Treating your cloud the same as on-premisesDid you think that just because another company is supplying you with the resources that they were going to secure them for you, as well?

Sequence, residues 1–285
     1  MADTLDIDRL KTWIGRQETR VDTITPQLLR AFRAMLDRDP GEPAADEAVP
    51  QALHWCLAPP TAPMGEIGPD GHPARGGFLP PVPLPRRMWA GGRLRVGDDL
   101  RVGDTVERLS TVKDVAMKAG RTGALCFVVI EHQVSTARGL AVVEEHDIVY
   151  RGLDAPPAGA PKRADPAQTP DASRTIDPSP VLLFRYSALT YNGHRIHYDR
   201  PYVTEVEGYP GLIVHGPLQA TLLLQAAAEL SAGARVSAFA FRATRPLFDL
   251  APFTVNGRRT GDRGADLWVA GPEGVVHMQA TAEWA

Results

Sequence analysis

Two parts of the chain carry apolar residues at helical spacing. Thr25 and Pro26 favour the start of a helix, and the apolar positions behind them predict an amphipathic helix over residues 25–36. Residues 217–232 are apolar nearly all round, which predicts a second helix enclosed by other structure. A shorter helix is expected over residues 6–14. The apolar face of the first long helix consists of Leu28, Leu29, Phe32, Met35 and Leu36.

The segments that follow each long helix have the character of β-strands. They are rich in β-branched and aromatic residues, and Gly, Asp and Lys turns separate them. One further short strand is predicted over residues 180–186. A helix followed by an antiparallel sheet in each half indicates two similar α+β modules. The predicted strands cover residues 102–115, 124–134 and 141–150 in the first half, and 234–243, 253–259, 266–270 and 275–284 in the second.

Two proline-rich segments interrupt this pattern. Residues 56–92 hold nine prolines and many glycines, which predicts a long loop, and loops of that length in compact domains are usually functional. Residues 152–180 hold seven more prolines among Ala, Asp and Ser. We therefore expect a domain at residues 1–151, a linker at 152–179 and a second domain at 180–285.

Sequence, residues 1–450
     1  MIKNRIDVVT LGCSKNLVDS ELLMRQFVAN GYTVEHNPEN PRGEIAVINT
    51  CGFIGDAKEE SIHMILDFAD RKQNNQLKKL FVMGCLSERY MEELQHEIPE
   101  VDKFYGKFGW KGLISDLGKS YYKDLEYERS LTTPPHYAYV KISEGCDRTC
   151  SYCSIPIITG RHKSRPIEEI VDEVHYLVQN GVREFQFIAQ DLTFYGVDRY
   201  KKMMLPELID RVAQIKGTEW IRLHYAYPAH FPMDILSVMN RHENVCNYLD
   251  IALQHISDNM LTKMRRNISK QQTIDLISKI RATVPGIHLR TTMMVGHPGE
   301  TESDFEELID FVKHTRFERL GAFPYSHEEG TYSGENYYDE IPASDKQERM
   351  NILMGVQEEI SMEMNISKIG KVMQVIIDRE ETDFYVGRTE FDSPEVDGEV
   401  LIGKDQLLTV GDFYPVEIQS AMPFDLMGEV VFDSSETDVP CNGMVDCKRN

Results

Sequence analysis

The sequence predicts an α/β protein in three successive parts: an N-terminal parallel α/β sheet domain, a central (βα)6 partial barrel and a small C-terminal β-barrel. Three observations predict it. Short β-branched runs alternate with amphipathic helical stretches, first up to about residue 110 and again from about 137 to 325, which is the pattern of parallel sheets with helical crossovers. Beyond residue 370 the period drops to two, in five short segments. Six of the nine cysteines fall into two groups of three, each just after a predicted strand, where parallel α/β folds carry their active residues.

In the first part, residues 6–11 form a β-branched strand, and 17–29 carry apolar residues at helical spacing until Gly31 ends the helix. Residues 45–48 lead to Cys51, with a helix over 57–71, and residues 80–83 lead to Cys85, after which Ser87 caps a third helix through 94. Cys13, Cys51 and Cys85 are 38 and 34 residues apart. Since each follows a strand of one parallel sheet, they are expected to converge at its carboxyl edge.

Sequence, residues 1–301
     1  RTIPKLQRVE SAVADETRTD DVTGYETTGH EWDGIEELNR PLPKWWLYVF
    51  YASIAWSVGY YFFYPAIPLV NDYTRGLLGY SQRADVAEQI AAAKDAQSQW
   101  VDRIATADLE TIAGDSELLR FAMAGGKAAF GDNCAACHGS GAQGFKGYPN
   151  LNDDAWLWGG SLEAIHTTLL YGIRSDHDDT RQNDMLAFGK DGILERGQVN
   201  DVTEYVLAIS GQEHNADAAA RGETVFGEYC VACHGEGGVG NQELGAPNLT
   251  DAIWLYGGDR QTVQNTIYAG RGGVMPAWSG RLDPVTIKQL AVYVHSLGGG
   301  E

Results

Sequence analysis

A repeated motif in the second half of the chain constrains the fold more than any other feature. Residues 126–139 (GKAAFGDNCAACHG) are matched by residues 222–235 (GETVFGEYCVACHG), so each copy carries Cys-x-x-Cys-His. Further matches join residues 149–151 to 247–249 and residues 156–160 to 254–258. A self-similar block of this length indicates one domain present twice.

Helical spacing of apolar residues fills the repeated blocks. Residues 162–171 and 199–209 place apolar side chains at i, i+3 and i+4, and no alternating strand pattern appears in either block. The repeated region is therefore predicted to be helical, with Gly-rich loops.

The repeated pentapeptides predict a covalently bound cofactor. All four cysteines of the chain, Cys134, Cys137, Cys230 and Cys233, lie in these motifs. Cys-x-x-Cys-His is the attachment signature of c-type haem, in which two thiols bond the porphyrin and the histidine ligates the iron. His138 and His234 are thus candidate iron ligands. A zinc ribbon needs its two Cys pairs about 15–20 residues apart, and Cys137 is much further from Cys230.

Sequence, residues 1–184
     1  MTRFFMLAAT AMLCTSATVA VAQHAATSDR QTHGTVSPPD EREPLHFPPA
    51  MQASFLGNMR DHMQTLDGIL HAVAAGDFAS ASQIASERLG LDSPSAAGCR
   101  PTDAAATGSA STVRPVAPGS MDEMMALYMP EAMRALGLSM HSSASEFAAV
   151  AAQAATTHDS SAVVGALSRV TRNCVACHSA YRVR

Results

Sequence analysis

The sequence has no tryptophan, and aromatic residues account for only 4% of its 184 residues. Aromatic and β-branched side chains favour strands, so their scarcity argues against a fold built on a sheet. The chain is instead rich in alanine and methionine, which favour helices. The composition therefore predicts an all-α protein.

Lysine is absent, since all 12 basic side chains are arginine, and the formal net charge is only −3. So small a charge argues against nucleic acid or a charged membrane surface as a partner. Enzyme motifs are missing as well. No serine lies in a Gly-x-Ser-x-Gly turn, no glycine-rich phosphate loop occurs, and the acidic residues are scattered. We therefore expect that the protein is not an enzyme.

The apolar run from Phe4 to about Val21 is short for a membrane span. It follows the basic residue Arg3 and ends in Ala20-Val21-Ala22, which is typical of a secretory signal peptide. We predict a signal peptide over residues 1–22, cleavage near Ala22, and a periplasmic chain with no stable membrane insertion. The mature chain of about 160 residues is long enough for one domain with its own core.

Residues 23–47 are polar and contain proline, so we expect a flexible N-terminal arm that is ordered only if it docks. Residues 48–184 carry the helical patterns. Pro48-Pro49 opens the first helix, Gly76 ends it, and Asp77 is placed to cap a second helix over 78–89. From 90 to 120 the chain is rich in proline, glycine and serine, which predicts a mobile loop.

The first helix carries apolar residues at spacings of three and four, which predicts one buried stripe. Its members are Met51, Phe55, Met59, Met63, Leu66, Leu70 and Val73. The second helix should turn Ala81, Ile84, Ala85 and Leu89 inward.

Is everything in the cloud and on-premises configured securelyYou might trust that your OS and applications are configured securely, but have you verified that? Do you have something that is pulling in all of those controls and testing them to ensure they are configured properly? Both in the cloud and on-premises? A view of your controls in your on-premises environment gives you one large data point for your current risk posture. Similarly, a view of your controls in the cloud yields another large data point for risk in assets you’re responsible for securing. Having a view across both environments can give you lots of information for assessing risk across the entire environment. The cloud environment is typically more dynamic than an on-premises environment. This makes measuring the effectiveness of your controls different for the two environments – even if you’re using Tripwire to test the compliance with your standards across both environments. The Tripwire customers I’ve been working with that are testing and measuring their effectiveness in maintaining security controls have been taking a similar approach to their cloud environments. The cloud assets tend to come and go on an as-needed basis. Some last only an hour, while others remain up for months. Regardless of lifespan, a new cloud instance should come up in a secure state – that is, all controls should be set and configured securely right from the start. Cloud assets should be secure from the start, and the configurations of a running asset should never change. When an update to the OS or application is required, that should be created in a new template and tested. If all goes well, then the old instance will be destroyed and the new instance created containing the updates. In this type of cloud deployment lifecycle (typical when using DevOps methodology), any detected change to a running instance should be treated as a security incident. Compliance must be monitored on a continuous basis. Essentially, change should be detected in near real-time and a new compliance check should be done when a change is detected. If change is never allowed to a running instance, an incident should be generated as well. In some cases, cloud assets that fail a compliance (or vulnerability) check at instantiation can even be stopped automatically by calling the Cloud Management Console via an API. The Tripwire Enterprise console can also generate an alert to the security and DevOps teams with information on the failure. In theory, a newly instantiated instance should never fail a compliance check, and you can trust that it never will. But it's still important to always verify. On-premises assets are often configured correctly when initially deployed, but then configuration drift occurs and there’s a need for re-verification and remediation. On-premises should be monitored on a continuous basis. There is often a time-frame set for how long an on-premises device can be out of compliance before being remediated. If your cloud assets are being used the same as on-premises devices, you’ve just moved the applications to the cloud with the same processing. Then the processes can be exactly the same for both cloud and on-premises assets. Still, this is not the case for most cloud deployments I’ve seen in the past year. A DevOps process is often used with the cloud assets. The need for verifying configuration controls in the cloud is just as important, if not more-so, than verifying configuration controls in the on-premises environment. Both should be monitored on a continuous basis. The processes to set in motion when a failed configuration is detected will often be different, but knowing which ones will come up is most of the battle. To learn more about how Tripwire can help with extending your on-premises controls to the cloud, click here. To learn more about staying secure in the cloud, find out what 18 experts advise for effective and secure cloud migration, here.